26
Institute of Clinical Chemistry and Laboratory Medicine, University Hospital Regensburg, Regensburg, Germany.
27
Department of Molecular Genetics, Southwestern Medical Center, University of Texas, Dallas, United States.
28
Core Laboratory for Clinical Studies, Division of Endocrinology, Metabolism and Lipid Research, Washington University School of Medicine, St. Louis, MO, 63110, United States.
29
Boston Heart Diagnostics, Framingham, MA, United States.
30
REQUIMTE/LAQV, Health Sciences Campus, Faculty of Pharmacy, University of Coimbra, Coimbra, Portugal.
31
Department of Exercise and Nutrition Sciences, School of Public Health and Health Professions, University of Buffalo, Bufalo, NY, United States.
32
Institute of Clinical Chemistry and Clinical Pharmacology, University Hospital, Bonn, Germany; Leibniz-Institut für Analytische Wissenschaften-ISAS-e.V., Dortmund, Germany.

Abstract

Serum concentrations of lathosterol, the plant sterols campesterol and sitosterol and the cholesterol metabolite 5α-cholestanol are widely used as surrogate markers of cholesterol synthesis and absorption, respectively. Increasing numbers of laboratories utilize a broad spectrum of well-established and recently developed methods for the determination of cholesterol and non-cholesterol sterols (NCS). In order to evaluate the quality of these measurements and to identify possible sources of analytical errors our group initiated the first international survey for cholesterol and NCS. The cholesterol and NCS survey was structured as a two-part survey which took place in the years 2013 and 2014. The first survey part was designed as descriptive, providing information about the variation of reported results from different laboratories. A set of two lyophilized pooled sera (A and B) was sent to twenty laboratories specialized in chromatographic lipid analysis. The different sterols were quantified either by gas chromatography-flame ionization detection, gas chromatography- or liquid chromatography-mass selective detection. The participants were requested to determine cholesterol and NCS concentrations in the provided samples as part of their normal laboratory routine. The second part was designed as interventional survey. Twenty-two laboratories agreed to participate and received again two different lyophilized pooled sera (C and D). In contrast to the first international survey, each participant received standard stock solutions with defined concentrations of cholesterol and NCS. The participants were requested to use diluted calibration solutions from the provided standard stock solutions for quantification of cholesterol and NCS. In both surveys, each laboratory used its own internal standard (5α-cholestane, epicoprostanol or deuterium labelled sterols). Main outcome of the survey was, that unacceptably high interlaboratory variations for cholesterol and NCS concentrations are reported, even when the individual laboratories used the same calibration material. We discuss different sources of errors and recommend all laboratories analysing cholesterol and NCS to participate in regular quality control programs.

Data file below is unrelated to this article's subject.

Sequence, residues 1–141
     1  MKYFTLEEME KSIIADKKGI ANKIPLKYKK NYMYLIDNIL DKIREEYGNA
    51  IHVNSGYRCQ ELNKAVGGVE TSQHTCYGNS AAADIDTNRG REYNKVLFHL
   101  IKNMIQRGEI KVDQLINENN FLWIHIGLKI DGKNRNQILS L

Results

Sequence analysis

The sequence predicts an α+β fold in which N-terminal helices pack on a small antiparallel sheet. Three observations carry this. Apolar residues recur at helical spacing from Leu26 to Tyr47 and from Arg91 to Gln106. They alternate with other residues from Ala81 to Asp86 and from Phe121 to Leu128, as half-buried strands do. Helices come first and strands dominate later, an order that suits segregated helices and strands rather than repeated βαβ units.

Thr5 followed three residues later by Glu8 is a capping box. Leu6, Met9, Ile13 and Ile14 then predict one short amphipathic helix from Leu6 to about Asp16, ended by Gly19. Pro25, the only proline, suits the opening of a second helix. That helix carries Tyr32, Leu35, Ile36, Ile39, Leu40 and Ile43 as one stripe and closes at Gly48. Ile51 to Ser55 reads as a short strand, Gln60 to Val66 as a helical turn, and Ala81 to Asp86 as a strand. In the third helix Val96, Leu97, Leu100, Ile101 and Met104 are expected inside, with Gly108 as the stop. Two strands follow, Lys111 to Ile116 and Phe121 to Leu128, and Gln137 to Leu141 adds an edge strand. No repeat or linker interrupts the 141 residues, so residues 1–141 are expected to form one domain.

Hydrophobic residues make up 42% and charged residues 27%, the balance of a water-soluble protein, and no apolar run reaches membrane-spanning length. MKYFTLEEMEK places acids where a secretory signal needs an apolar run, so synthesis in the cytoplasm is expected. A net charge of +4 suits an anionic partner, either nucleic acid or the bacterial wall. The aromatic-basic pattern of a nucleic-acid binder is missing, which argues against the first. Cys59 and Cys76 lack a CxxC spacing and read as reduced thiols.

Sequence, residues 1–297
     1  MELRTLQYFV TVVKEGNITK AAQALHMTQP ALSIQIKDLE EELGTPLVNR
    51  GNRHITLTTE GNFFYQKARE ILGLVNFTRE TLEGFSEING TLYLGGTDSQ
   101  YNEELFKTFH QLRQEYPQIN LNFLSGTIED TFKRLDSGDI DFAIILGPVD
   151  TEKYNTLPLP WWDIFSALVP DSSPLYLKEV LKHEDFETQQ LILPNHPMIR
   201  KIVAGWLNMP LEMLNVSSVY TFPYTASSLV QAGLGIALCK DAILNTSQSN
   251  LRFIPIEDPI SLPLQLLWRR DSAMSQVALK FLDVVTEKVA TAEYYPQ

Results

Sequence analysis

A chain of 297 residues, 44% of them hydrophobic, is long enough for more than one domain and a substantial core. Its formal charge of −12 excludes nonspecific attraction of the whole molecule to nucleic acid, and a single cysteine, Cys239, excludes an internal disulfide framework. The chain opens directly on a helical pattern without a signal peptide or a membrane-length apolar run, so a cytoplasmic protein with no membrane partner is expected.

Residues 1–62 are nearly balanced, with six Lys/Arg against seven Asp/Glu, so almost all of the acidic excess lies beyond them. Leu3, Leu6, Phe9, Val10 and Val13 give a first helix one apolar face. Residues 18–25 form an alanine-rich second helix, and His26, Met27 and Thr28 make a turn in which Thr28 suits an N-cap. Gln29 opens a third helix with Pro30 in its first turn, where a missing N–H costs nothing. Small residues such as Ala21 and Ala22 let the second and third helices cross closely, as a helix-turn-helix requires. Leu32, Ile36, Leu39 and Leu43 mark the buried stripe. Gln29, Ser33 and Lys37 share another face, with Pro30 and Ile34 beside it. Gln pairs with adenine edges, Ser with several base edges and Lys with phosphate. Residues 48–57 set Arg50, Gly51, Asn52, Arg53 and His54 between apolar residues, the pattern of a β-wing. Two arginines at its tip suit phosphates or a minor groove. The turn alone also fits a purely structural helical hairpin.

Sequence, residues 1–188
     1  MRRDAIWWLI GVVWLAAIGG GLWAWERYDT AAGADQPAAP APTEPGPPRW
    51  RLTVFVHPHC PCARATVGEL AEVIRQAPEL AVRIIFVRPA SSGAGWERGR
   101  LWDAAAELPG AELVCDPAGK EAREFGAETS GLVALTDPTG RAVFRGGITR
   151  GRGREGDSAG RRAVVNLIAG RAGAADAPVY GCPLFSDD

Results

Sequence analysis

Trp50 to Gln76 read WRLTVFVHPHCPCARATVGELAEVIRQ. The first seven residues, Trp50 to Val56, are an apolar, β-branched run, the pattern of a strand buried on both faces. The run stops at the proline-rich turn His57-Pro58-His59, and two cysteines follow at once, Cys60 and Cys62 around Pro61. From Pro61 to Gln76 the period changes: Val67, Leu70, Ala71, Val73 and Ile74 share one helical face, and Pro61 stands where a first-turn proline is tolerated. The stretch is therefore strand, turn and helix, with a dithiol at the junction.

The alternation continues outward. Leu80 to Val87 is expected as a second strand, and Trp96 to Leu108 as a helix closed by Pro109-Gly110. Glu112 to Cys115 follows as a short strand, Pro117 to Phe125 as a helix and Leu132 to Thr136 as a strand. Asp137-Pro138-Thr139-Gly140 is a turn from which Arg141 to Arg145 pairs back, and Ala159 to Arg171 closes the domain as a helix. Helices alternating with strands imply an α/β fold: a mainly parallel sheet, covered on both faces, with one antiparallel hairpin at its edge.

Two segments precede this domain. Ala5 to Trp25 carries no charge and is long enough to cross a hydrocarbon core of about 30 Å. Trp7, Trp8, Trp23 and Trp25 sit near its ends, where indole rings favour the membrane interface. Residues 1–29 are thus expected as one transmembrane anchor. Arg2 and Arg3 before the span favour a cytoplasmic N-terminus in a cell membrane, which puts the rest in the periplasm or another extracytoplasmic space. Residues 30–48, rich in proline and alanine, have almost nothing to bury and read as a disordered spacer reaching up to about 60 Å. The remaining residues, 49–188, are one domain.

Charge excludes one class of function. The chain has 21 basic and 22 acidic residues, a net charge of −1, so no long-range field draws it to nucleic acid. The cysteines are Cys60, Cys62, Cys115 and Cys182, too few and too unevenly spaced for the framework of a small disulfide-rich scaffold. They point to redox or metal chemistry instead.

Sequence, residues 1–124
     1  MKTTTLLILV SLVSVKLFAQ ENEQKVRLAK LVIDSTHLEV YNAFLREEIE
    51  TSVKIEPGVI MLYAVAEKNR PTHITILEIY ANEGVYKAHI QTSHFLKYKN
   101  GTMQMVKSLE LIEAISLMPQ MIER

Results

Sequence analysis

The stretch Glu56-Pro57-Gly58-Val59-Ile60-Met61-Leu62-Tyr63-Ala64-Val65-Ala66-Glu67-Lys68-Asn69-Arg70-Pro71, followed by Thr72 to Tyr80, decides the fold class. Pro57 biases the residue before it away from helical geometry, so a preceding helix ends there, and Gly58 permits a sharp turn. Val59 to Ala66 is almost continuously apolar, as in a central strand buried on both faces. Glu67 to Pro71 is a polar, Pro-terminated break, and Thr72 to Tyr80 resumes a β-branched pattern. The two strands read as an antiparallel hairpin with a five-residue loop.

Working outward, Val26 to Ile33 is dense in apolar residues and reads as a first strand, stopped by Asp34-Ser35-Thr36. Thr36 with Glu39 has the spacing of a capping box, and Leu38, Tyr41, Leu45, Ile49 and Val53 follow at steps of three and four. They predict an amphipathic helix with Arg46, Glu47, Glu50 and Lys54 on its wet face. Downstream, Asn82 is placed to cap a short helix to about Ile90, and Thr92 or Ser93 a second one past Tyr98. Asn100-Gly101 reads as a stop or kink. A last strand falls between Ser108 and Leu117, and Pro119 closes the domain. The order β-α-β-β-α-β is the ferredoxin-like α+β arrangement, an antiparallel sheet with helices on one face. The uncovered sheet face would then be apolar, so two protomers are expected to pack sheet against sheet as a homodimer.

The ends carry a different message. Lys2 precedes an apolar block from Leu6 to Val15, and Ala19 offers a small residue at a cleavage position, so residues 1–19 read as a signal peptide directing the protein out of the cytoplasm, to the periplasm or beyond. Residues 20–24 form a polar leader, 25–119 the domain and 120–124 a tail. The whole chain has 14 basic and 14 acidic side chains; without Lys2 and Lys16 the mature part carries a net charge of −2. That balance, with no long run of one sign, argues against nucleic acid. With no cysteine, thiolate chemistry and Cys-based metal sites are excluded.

KEYWORDS:

Atherosclerosis; Cholesterol absorption; Cholesterol balance; Cholesterol synthesis; Phytosterols; Surrogate marker

PMID:
30940596
PMCID:
PMC6525271
DOI:
10.1016/j.jsbmb.2019.03.025
[Indexed for MEDLINE]
Free PMC Article